Connect with us

Markets

Xi Jinping Promises Lower Tariffs, Market Access at Shanghai Expo

Published

on

China's President Xi Jinping
  • Xi Jinping Promises Lower Tariffs, Market Access at Shanghai Expo

China will lower import tariffs and continue to broaden market access, President Xi Jinping pledged on Monday at the opening of a symbolic week-long trade expo in Shanghai.

The Nov. 5-10 China International Import Expo, or CIIE, brings thousands of foreign companies together with Chinese buyers in a bid to demonstrate the importing potential of the world’s second biggest economy even as China remains embroiled in a trade row with the United States.

In a speech that largely echoed previous promises, Xi said China would accelerate opening of the education, telecommunications and cultural sectors, while protecting foreign companies’ interests and enhancing punitive enforcement for infractions of intellectual property rights.

He also said he expects China to import $30 trillion worth of goods and $10 trillion worth of services in the next 15 years.

Last year, Xi estimated that China would import $24 trillion worth of goods over the next 15 years.

“CIIE is a major initiative by China to pro-actively open up its market to the world,” Xi said.

U.S. President Donald Trump has railed against China for what he sees as intellectual property theft, entry barriers to U.S. business and a gaping U.S. trade deficit. No senior U.S. officials were set to attend the Shanghai event.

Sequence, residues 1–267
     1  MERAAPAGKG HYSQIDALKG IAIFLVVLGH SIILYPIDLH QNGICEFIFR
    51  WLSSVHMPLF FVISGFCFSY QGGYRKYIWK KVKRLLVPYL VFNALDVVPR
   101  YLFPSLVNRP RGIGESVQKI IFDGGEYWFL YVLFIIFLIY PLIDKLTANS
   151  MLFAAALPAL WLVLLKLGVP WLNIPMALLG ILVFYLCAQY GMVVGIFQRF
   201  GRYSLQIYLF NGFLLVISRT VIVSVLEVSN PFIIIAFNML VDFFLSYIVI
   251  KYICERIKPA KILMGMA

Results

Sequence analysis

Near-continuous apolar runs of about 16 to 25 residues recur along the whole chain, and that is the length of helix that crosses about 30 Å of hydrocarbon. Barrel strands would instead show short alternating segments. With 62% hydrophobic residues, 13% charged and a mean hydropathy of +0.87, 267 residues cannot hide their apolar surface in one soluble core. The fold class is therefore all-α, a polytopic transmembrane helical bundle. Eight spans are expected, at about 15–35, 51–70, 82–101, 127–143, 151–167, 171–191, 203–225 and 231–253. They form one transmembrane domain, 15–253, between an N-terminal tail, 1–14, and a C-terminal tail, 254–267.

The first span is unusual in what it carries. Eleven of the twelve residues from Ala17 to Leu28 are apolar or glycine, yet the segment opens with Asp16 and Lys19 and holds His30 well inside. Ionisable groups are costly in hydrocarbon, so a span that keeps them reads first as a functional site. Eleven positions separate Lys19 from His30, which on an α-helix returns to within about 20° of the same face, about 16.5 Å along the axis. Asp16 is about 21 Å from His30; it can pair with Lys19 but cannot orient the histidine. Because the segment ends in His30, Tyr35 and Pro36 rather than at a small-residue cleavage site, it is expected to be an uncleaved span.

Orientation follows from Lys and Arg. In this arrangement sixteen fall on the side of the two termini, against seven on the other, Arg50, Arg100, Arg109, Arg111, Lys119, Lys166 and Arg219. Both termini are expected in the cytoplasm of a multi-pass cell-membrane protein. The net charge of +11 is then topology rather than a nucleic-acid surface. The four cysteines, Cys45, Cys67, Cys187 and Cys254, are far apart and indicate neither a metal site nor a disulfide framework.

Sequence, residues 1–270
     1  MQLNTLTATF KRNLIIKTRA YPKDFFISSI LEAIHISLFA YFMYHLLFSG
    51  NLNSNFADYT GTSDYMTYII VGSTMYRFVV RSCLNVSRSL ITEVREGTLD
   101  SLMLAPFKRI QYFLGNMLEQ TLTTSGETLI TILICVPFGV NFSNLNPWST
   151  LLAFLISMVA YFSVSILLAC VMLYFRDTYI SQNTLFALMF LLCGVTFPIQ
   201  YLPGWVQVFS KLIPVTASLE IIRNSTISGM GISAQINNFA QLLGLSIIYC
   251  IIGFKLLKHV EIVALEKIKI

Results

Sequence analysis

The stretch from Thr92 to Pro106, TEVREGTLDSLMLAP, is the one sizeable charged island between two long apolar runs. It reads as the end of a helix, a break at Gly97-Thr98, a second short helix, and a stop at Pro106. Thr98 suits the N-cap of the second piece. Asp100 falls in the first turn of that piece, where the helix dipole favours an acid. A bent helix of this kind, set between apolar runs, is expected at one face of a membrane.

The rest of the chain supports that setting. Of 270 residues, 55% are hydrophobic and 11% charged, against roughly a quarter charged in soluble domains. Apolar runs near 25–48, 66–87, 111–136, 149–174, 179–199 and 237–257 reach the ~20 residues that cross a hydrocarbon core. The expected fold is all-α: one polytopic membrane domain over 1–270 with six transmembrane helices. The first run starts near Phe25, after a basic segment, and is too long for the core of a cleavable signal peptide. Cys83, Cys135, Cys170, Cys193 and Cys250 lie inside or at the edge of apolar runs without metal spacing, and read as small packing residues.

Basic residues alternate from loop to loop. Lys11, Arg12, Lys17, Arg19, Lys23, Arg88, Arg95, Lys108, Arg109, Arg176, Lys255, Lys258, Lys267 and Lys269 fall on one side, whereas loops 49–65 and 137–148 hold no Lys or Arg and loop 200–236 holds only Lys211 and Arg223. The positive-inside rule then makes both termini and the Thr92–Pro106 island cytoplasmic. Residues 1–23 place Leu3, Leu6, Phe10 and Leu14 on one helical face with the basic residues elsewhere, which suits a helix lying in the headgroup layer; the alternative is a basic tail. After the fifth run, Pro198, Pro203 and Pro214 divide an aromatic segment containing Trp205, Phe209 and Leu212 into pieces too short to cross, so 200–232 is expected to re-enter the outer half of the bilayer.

Xi said the import expo showed China’s desire to support global free trade, adding – without mentioning the United States – that countries of the world must pursue open policies and oppose protectionism.

He said “economic globalisation is facing setbacks, multilateralism and the free trade system is under attack, factors of instability and uncertainty are numerous, and risks and obstacles are increasing”.

China imported $1.84 trillion of goods in 2017, up 16 percent, or $255 billion, from a year earlier. Of that total, China imported about $130 billion of goods from the United States.

The Chinese government’s top diplomat, State Councillor Wang Yi, said in March that China would import $8 trillion of goods in the next five years.

Expectations had been low that Xi would announce bold new policies of the kind that many foreign governments and businesses have been seeking from Beijing.

Instead, people involved in planning meetings have said they were anticipating an event long on symbolism and short on substance meant to signal China’s willingness to narrow trade deficits and openness.